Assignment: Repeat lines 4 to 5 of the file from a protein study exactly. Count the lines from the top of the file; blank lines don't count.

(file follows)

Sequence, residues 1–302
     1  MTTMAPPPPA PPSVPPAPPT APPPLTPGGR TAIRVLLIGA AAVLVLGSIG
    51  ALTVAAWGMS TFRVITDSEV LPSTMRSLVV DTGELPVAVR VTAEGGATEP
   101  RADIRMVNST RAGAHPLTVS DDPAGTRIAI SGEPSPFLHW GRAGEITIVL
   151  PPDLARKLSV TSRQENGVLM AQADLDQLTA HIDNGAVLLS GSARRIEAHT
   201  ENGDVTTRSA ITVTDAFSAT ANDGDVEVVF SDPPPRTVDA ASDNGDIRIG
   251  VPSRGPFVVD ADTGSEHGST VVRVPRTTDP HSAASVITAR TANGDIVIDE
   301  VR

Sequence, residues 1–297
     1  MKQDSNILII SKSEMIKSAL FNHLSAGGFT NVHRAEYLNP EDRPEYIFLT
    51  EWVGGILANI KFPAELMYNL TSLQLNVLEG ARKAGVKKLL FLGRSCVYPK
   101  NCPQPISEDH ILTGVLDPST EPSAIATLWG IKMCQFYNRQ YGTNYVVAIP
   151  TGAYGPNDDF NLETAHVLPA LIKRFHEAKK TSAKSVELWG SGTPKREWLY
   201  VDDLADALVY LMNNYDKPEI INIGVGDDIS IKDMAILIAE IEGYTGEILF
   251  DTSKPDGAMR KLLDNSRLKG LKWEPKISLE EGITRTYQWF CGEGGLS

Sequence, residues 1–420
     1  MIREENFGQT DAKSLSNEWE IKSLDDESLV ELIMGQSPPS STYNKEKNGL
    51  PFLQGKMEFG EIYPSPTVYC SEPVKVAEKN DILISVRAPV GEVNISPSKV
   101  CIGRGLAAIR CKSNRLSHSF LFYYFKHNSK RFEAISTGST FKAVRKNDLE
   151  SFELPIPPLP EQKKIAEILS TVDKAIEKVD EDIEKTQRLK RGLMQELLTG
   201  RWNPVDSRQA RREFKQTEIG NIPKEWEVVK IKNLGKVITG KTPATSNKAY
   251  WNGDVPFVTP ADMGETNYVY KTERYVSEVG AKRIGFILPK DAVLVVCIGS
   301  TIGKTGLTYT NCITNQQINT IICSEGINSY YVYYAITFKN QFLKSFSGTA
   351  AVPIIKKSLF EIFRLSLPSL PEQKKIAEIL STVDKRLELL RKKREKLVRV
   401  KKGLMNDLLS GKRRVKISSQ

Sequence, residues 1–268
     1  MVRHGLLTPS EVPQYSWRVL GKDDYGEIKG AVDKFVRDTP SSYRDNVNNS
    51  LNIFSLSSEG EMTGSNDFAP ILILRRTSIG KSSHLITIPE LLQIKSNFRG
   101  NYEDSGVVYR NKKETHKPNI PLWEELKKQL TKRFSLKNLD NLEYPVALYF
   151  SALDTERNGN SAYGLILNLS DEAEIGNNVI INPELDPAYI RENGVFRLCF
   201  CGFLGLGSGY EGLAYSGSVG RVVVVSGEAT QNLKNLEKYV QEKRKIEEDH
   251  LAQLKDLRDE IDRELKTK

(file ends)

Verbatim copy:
   101  RADIRMVNST RAGAHPLTVS DDPAGTRIAI SGEPSPFLHW GRAGEITIVL
   151  PPDLARKLSV TSRQENGVLM AQADLDQLTA HIDNGAVLLS GSARRIEAHT